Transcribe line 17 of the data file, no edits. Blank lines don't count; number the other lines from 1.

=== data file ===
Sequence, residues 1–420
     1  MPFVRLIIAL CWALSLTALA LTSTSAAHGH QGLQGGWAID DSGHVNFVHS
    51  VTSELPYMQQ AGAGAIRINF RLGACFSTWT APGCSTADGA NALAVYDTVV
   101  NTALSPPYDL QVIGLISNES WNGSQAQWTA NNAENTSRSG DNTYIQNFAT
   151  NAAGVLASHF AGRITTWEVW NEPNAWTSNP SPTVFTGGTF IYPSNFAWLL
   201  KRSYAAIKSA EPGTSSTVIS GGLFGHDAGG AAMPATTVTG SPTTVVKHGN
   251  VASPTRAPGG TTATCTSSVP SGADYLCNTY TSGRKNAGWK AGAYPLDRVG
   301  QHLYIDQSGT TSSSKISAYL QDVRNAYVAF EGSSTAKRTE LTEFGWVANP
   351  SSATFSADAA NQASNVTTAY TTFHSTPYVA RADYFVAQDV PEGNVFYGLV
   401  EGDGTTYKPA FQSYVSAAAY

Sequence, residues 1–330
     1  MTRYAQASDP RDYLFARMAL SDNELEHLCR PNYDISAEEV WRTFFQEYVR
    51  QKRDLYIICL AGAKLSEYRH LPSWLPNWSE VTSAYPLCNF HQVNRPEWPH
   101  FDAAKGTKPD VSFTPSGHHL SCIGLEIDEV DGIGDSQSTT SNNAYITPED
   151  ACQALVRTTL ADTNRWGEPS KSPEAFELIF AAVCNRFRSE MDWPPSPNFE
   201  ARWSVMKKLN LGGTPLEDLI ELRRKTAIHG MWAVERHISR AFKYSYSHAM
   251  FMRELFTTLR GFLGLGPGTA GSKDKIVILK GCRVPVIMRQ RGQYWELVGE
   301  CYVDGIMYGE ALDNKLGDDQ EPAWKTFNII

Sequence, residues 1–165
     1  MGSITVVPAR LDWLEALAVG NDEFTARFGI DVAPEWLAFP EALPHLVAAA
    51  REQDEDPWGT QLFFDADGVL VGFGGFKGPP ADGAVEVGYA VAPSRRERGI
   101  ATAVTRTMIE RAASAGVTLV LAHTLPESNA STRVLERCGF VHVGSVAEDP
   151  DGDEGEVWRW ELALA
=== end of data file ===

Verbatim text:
   251  FMRELFTTLR GFLGLGPGTA GSKDKIVILK GCRVPVIMRQ RGQYWELVGE